Not did I ever celebrate Hoffman’s departure from the University of Colorado. I suggested that if she had followed my advice and found ways to encourage intellectual diversity at her campus (by methods short of hiring faculty for their political views) she would have been in a better position to defend herself from public attacks when the Churchill scandal broke. I never said I supported such attacks. The message her dismissal sent was that having an intellectually diverse academic community would insulate universities against such attacks.

You are correct in pointing out that she wasn’t formally “fired” (and I accept that I should have made that clear in my text). Nonetheless, her “resignation” was a mere formality. She was forced out. Hers was not a voluntary departure.

JKW: You claim that “Contracts had been signed which allowed government officials to decide whom universities could hire, what salaries they could pay, who they could admit as students to their institutions, and even what kind of statements teachers could make in the classroom.”(96) The footnote you offer for this statement is about high school proficiency exams, and has nothing to do with higher education (or anything you wrote). You also claim that “diversity statutes” such as Title IX “gave large government bureaucracies power over such matters as curriculum, course content, and faculty personnel decisions.”(147) Since you offer no footnotes, I was curious to know in what contracts or cases has Title IX or other statutes given the Executive Branch control over college curricula, courses, or personnel decisions?

DH: C’mon. The diversity policies of the federal government and diversity investigations conducted by the Department of Education have had a profound effect on the hiring of faculty at universities and you know it. Do I need to burden my text to provide chapter and verse of specific cases to make this point? In fact I did give a horrifying example in my text of the chilling impact of federal sexual harassment statues on classroom discourse by noting that Alan Dershowitz had been forced to tape his rape law lectures to protect himself from harassment suits by over-zealous feminists and that one of his colleagues had stopped teaching rape law all together for this very reason.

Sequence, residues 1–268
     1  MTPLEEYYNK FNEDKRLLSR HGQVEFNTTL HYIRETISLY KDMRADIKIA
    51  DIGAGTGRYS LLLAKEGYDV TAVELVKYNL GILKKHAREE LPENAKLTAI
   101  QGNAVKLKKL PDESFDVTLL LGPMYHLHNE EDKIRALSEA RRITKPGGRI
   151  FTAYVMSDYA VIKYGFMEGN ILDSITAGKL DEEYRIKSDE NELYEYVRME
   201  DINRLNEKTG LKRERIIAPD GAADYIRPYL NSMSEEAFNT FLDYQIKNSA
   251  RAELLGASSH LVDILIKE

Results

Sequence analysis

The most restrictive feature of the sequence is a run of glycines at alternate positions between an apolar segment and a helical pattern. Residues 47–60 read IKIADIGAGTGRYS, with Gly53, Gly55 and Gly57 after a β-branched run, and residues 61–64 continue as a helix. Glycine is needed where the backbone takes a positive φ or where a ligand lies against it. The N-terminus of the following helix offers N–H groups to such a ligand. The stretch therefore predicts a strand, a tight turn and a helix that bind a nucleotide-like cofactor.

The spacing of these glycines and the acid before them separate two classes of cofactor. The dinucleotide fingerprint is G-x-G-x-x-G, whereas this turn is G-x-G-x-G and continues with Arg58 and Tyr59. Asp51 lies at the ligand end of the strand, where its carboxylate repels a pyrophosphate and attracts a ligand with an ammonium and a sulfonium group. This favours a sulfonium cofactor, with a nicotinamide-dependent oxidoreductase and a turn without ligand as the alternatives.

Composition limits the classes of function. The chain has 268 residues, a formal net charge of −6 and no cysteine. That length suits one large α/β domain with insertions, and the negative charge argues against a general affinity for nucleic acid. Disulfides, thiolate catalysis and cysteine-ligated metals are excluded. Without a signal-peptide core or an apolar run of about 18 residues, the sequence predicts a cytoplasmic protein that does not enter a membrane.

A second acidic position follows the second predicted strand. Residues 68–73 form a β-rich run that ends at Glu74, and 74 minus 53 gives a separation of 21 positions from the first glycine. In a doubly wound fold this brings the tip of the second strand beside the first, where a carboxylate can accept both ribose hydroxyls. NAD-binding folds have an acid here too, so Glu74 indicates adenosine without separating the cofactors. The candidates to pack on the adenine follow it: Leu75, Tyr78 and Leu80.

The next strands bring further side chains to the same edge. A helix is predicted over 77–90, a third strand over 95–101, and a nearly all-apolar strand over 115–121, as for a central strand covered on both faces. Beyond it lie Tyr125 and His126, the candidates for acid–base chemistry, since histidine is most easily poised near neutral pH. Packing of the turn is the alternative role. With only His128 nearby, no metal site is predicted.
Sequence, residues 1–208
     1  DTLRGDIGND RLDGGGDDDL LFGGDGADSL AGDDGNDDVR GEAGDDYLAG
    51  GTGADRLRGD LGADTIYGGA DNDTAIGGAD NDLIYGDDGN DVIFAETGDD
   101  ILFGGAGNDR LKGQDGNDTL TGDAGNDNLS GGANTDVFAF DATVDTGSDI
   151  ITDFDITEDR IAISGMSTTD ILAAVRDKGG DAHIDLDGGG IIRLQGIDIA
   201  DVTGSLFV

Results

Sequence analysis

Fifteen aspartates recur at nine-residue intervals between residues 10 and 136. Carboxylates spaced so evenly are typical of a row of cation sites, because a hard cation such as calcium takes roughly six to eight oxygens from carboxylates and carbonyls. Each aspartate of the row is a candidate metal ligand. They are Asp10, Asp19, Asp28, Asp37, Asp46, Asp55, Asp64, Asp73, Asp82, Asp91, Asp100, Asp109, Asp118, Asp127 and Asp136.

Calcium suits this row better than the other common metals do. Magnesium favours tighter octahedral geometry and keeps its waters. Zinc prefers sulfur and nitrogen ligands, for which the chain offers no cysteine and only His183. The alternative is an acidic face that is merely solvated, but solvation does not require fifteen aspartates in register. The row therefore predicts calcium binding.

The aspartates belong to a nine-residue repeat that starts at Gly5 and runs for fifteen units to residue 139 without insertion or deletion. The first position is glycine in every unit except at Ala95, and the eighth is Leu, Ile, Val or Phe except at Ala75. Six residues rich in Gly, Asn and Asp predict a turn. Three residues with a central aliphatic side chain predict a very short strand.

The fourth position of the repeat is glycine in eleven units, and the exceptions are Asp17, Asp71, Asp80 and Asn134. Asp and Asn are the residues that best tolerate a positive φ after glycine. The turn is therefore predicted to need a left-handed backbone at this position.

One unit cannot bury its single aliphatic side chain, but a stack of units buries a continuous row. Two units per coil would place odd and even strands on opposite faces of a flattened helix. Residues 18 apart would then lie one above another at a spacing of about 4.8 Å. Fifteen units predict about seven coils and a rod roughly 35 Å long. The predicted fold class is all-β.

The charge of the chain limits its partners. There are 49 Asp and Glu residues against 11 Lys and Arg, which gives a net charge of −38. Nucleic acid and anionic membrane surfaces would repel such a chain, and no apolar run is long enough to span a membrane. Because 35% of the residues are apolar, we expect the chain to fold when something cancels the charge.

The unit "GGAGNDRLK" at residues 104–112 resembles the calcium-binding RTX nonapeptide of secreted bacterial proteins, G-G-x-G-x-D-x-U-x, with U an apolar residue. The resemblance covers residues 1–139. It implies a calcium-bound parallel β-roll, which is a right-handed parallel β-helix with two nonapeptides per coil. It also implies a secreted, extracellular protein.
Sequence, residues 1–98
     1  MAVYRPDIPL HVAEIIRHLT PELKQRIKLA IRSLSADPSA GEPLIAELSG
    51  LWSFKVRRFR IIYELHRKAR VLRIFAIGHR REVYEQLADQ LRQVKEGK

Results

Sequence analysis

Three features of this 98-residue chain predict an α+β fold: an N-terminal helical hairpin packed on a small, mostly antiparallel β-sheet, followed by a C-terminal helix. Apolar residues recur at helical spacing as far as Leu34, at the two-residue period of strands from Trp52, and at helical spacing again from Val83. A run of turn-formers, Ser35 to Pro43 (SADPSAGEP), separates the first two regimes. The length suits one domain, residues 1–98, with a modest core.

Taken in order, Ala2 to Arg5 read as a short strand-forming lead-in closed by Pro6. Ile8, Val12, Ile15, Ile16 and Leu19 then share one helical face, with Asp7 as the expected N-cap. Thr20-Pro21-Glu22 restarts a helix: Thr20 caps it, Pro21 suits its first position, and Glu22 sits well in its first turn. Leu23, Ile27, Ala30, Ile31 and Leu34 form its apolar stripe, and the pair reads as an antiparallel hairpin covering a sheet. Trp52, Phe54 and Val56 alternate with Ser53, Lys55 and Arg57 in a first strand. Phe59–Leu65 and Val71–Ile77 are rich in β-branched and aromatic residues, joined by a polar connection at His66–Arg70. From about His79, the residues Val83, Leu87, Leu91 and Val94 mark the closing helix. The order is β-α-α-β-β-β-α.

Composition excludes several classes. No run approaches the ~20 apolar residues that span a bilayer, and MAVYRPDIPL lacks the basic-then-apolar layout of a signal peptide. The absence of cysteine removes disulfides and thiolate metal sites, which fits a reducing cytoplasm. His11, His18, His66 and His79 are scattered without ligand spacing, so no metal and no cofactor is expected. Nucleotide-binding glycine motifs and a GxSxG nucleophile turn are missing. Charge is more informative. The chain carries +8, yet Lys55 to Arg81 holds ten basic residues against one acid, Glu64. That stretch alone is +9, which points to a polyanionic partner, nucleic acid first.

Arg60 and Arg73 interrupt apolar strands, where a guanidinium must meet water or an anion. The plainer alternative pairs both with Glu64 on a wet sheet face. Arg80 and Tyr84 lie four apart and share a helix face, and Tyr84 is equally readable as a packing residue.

JKW: You denounce AAUP president Cary Nelson as “politically correct” because he changed his view of a poet after discovering some of her anti-war poetry.(143) You seem to think that Nelson changed his view of the poet solely because she opposed World War I, rather than because of the quality of the newly discovered poetry. How do you know this?

DH: I didn’t denounce Cary. I suggested that his attitude towards the poet Sara Teasdale was dictated by political rather than literary judgments. He said that he had regarded her as a “sentimental poet” until he discovered she had written anti-war poems. Since he didn’t explain how adopting an anti-war position was not sentimental or how the texts of these poems were not sentimental I think the evidence speaks for itself.

JKW: You praise schools such as Temple and Ohio’s colleges for adopting a variation of your Academic Bill of Rights to allow student grievances. Can you name one example where any college has enforced any of these new provisions to stop the kind of “indoctrination” you oppose?

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  • Chezwick_Mac

    The misconceptions and falsehoods reflected in the questions abound. Another telling indicator of the extent to which the AAUP has defamed David and obfuscated the defining issues.

  • USMCSniper

    Public education at all levels based on dismal results and outrageous costs ($10,000 average per student in elementary and high schools and at $30,000+ at the college level) so by any objective criteria itis a collossal failure. The only way to make any major improvement in the educational system is through privatization to the point at which a substantial fraction – meaning the majority of all educational services are rendered to individuals by private enterprises. Nothing else will destroy or even greatly weaken the power of the current dismal educational establishment — a necessary pre-condition for radical improvement in our educational system. And nothing else will provide the public funded schools with the competition and incentives that will force them to improve.

    • Jim_C

      Send your kid to a private school, then. Something holding you back?

      As for the public schools, we continue to supply the country with doctors, engineers, computer scientists, teachers, cops, and ditch diggers. What seems to be the problem?

      • USMCSniper

        I already have, Both my children, St Johns at Prospect Hall, Georgetown Prep for high school, Loyola of Baltimore, and Johns Hopkins University. Read Dr. Walter Williams: "Only 14 percent of Washington's fourth-graders score at or above proficiency in the reading and math portions of the National Assessment of Educational Progress (NAEP) test. Their national rank of 51 makes them the nation's worst. Eighth-graders are even further behind with only 12 percent scoring at or above proficiency in reading and 8 percent in math and again the worst performance in the nation. One shouldn't be surprised by Washington student performance on college admissions tests. They have an average composite SAT score of 925 and ACT score of 19.1, compared to the national average respectively of 1017 and 21.1. In terms of national ranking, their SAT and ACT rankings are identical to their fourth- and eighth-grade rankings – dead last. And the documented cost is $25,000 per student."